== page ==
by Vicki Nelson Bodoh
At a recent carriage symposium that I attended, the speakers' major difference was in how each viewed whether to conserve, preserve, restore or reproduce. Those who look at original condition carriages in a sad state may choose a method of changing that state. The conserve/preserve camp says, "Save it just the way it is as only by saving vehicles in their original conditions can we have evidence as to how vehicles were constructed, painted and trimmed." Restorers instead say, "Document the original and then rebuild, repaint, repair so the carriage looks like it just came off the 'showroom floor' a century ago."
To me, it boils down to a few major items:
1. Does the vehicle have major historical significance? Is it very unusual, owned by an important person in history or a one of a kind vehicle? If so, preserve and protect it. Above and below are shots of our original condition Albany by Northwestern Mfg. Co., Ft. Atkinson
2. Will the vehicle be part of a static collection? If it will not be horsed but will remain in a museum, preserve or conserve and house it properly.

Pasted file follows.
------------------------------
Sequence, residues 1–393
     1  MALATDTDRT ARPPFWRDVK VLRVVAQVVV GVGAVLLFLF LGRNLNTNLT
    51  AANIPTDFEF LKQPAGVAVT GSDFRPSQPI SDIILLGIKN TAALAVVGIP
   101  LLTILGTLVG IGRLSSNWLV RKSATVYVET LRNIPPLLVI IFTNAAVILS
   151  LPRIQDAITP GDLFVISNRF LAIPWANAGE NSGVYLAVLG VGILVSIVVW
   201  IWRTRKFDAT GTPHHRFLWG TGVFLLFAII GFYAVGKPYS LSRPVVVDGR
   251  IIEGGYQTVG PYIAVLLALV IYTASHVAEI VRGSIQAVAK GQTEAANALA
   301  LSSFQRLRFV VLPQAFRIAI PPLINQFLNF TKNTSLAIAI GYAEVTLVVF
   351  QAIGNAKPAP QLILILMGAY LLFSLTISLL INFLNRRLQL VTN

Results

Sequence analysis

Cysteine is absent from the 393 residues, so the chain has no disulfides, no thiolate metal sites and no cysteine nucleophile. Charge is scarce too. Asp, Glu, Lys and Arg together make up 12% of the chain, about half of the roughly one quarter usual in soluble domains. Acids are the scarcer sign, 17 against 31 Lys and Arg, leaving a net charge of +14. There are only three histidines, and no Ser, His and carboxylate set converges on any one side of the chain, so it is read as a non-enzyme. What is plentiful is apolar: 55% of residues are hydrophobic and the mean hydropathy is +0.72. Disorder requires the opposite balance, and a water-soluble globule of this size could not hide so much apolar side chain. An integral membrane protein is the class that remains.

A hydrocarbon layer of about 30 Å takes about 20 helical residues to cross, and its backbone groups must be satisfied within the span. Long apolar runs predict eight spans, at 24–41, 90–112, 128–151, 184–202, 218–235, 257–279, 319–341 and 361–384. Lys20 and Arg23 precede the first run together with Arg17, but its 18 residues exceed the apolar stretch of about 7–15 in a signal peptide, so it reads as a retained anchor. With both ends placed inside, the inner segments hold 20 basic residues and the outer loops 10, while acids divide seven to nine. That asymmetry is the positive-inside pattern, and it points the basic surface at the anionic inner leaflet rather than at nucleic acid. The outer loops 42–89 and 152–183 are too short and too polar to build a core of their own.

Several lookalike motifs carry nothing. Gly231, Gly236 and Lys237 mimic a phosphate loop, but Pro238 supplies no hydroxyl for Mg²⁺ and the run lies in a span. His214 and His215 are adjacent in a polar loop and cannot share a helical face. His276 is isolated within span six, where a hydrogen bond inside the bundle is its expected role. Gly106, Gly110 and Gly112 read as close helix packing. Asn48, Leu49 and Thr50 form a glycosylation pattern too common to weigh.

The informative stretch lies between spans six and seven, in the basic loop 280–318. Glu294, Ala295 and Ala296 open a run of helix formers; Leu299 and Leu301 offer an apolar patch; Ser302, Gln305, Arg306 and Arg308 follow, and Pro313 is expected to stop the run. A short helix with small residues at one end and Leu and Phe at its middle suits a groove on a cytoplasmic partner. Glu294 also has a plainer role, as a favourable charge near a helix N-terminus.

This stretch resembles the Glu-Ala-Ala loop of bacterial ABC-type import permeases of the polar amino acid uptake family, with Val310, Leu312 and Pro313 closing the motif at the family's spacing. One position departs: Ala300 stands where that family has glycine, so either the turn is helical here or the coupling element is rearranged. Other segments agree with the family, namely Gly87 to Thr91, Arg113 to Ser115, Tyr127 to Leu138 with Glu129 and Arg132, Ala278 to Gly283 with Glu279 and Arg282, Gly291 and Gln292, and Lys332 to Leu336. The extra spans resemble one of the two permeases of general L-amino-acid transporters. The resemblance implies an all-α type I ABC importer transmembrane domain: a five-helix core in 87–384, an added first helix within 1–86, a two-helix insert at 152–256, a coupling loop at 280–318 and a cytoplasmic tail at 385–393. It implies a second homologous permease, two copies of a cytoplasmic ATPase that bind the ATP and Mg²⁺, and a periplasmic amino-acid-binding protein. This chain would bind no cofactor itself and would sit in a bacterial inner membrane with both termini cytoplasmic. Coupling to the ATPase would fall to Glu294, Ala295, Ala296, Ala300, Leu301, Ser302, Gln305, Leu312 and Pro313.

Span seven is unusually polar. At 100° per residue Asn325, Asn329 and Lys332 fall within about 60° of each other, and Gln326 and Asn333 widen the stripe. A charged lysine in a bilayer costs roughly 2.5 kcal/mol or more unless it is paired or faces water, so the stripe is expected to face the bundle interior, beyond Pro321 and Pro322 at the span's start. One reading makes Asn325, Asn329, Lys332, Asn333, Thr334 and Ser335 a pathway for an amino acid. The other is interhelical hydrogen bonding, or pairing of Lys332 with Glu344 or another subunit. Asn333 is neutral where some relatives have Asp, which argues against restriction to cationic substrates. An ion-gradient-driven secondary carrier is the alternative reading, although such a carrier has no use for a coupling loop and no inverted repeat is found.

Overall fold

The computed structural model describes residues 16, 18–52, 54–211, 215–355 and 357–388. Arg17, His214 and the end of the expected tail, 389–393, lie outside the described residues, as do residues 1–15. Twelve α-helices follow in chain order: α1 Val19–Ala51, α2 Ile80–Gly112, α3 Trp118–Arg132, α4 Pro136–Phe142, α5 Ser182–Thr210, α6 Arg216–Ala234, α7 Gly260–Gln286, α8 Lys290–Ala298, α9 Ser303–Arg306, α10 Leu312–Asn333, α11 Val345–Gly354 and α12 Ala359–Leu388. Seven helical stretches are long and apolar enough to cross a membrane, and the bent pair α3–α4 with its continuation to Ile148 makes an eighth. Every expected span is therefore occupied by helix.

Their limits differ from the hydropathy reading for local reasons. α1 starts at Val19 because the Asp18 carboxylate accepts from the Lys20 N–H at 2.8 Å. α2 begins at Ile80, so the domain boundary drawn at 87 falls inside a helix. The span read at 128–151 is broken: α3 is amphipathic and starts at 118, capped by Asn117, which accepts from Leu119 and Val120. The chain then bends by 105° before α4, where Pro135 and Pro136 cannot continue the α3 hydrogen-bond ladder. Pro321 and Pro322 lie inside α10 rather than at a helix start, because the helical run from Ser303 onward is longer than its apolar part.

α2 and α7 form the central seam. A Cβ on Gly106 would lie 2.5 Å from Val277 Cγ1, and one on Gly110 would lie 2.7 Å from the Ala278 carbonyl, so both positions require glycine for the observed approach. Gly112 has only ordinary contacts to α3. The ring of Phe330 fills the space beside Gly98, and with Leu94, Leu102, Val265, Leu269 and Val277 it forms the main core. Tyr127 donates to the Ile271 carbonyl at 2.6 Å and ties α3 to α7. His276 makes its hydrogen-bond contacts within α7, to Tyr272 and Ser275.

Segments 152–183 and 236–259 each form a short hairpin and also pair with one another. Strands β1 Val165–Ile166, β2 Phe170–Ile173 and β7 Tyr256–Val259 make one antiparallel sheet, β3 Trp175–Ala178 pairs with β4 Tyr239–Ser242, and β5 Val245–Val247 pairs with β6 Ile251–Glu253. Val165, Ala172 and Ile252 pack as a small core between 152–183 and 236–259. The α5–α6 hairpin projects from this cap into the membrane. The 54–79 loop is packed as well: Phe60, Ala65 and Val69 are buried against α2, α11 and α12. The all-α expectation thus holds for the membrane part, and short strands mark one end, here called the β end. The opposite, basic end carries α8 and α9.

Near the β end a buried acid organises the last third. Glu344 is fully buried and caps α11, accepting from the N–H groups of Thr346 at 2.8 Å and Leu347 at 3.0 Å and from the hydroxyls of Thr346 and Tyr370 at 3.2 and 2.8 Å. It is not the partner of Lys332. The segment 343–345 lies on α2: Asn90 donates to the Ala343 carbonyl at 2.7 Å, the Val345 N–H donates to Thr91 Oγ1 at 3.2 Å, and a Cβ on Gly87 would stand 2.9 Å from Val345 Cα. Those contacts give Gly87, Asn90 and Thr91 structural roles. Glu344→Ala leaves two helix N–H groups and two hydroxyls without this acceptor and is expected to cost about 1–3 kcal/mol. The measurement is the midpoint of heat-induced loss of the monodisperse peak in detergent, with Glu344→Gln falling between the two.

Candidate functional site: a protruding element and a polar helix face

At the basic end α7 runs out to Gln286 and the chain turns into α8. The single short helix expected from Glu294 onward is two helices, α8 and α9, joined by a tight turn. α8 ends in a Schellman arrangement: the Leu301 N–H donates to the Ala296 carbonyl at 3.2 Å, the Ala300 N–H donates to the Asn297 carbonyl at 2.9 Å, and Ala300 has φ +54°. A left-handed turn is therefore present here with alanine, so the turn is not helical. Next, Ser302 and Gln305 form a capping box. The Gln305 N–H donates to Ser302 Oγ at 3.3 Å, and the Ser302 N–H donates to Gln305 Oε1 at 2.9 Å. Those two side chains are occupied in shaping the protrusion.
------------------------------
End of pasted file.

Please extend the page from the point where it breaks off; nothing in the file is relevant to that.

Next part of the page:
3. Has it already been restored one or more times? Research similar vehicles and restore it in a way that reflects what it once would have been. Above is my antique trap by French & Co., Boston, purchased restored and again restored by Colonial Carriage
4. Is it is a lovely original antique that should be conserved but you really want to drive it? Then find a craftsman who can reproduce a similar carriage for your use and save the original to be used for historical information.
And that is where the difficulty lies. Finding a craftsman to duplicate beautiful antique carriages so those in original condition can be saved rather than restored is difficult. The cost of that skill is expensive.
I drive, on very special occasions, my original condition vehicles (ones that are lovely but not museum quality). I often drive my restored antique carriages (ones that were no longer original when I purchased them). I frequently drive and show my reproductions of traditional carriages. I will soon drive the reproduction of the skeleton gig!